Microwave photonics chips are used to generate, process, control, and distribute microwave signals. Microwave photonics integrated circuits, or chip modules, can also be called microwave photonics on-a-chip.
Microwave photonics-on-a chip enabled the shift from discrete circuits to chip-scale integrated circuits in applications such as satellite communication, terahertz systems, and 5G networks.
Signal processing and telecommunication systems have seen significant improvements since incorporating microwave photonics-on-a-chip into their systems.
Microwave photonics studies microwave-optical wave interactions
Ongoing research in the communications field is solving problems by combining concepts from photonics and microwave engineering. This integrated technology has helped the emergence of microwave photonics-on-a-chip, which has facilitated the shift from discrete circuits to chip-scale integrated circuits in applications such as satellite communication, terahertz systems, and 5G networks.
Let’s take a closer look at microwave photonics technology, specifically microwave photonics-on-a-chip, and the significant advancements they have made in telecommunications systems.
Microwave photonics chips are used to generate, process, control, and distribute microwave signals. Using photonic technology in microwave applications is advantageous due to the low-loss and wide bandwidth technology.
When using a digital-to-analog converter (DAC) in a communication system, the realization of DACs can be approached in two ways. The first approach is implementing DAC using digital and analog electronic circuits, which is a complex and costly approach. The disadvantages of implementing DACs using electronic circuits are speed limitations, sampling rate, and non-linearities. The second approach of realizing DACs is with microwave photonics integrated circuits. Microwave photonics-assisted DAC realization provides advantages such as:
- Broad bandwidth
- High sampling rates
- Excellent system performance
- Reconfiguration capabilities
Apart from the properties mentioned above, microwave photonics integrated circuits offer additional functionalities within an ultra-compact device dimension.
Where Are Microwave Photonics Used?
Microwave photonics integrated circuits, or chip modules, are excellent solutions for communication and signal processing systems, including:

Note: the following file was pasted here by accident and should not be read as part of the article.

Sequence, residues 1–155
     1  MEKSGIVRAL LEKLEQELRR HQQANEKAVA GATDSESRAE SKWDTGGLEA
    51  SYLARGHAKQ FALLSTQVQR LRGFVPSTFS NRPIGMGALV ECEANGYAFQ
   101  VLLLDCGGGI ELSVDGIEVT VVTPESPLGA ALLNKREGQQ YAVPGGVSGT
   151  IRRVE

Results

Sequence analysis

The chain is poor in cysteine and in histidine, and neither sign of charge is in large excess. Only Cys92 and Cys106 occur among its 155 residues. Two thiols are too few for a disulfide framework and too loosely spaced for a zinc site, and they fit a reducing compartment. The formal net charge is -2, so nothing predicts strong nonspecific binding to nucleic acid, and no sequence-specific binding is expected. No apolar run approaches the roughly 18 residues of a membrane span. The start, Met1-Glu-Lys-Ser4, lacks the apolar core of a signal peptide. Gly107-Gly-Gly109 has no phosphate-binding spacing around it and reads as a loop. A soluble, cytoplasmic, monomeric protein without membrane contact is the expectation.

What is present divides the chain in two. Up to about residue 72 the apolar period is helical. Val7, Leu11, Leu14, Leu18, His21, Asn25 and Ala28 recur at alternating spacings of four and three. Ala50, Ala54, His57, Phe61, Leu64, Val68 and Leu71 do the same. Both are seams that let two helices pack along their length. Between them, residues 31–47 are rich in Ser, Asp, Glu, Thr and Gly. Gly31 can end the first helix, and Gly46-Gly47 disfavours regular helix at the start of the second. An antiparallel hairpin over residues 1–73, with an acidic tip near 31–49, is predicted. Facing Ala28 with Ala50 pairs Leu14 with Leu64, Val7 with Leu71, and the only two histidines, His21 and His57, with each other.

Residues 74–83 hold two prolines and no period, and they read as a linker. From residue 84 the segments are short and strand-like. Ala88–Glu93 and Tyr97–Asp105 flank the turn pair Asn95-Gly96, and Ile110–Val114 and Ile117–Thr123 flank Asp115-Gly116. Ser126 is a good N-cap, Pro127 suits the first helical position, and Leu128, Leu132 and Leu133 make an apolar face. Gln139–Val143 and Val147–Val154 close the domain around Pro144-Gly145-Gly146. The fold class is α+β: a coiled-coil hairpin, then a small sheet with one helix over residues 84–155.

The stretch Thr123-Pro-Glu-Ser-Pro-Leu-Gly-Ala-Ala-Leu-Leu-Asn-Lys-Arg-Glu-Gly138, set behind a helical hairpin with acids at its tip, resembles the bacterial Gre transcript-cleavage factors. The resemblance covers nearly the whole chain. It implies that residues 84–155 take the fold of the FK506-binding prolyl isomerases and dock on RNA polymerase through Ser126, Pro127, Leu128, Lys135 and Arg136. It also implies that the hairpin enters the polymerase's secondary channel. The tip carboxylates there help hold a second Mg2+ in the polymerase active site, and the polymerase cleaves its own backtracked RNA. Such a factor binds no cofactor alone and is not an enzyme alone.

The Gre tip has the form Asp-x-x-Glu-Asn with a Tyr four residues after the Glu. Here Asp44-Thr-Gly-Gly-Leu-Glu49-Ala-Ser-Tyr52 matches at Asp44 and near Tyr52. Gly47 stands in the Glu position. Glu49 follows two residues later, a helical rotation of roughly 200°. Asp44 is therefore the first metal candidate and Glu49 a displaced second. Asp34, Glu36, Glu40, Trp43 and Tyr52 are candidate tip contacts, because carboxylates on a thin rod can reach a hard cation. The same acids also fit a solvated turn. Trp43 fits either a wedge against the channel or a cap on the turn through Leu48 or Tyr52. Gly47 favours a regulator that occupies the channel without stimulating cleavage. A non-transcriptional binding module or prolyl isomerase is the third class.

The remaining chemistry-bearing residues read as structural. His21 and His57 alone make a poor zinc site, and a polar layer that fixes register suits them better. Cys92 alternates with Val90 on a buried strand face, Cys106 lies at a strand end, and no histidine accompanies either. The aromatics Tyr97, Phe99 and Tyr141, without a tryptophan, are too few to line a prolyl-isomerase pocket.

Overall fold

- Microwave filters
- Microwave phase shifters
- Microwave mixers
- Photonic temporal differentiators
The integrated technology in microwave photonics called ‘microwave photonics-on-a-chip’ enables the low-cost development of compact-sized systems with high circuit density and multi-functionalities compared to its electronics counterparts.
Microwave photonics-on-a-chip technologies propelled communication and signal processing systems to new heights with their small, high-bandwidth, high-performance chip modules. Microwave photonics-on-a-chip technology began interfacing different semiconductor materials to increase light-matter interactions. The hybrid materials used to increase light-matter interactions include:
- Silicon nitride
- Silicon on insulator
- Indium phosphide
- Gallium arsenide
- Lithium niobate
By incorporating these hybrid materials in microwave photonics, significant advancements have been made in the performance of ultra-small and wide bandwidth-on-chip modulators, frequency synthesizers, and signal processors. The complete set of light sources, modulators, and detectors are fabricated using ultra-large-scale integration technology in a single microwave photonics chip.
Hybrid Materials in Microwave Photonics
The choice of hybrid material will influence the functionality, size, and performance of microwave photonics-on-a-chip. There are numerous hybrid materials to choose from to fabricate these chips. However, today, the semiconductor materials ruling the microwave photonics industry are indium phosphide, silicon on insulator, and silicon nitride.
These materials are critical for the active and passive integration of photonic components on-a-chip. These photonic components range from lasers, light sources, optical amplifiers, tunable devices, and waveguides, to name a few. Some of the advantages of hybrid semiconductor integrated microwave photonics include:
- Suitability for monolithic integration.
- Compatibility with the CMOS fabrication process.
- A wide bandwidth.
- A greater frequency tuning range.
- A high sampling rate.
- Low phase noise properties.
- Ultra-low propagation loss.
- Ultra-fast signal processing.
- Reconfigurable and multifunctional.
Telecommunication and signal processing systems have seen significant advancements by incorporating microwave photonics-on-a-chip in their systems. Cadence’s software supports the development of integrated electronic/photonic design automation (EPDA) environments.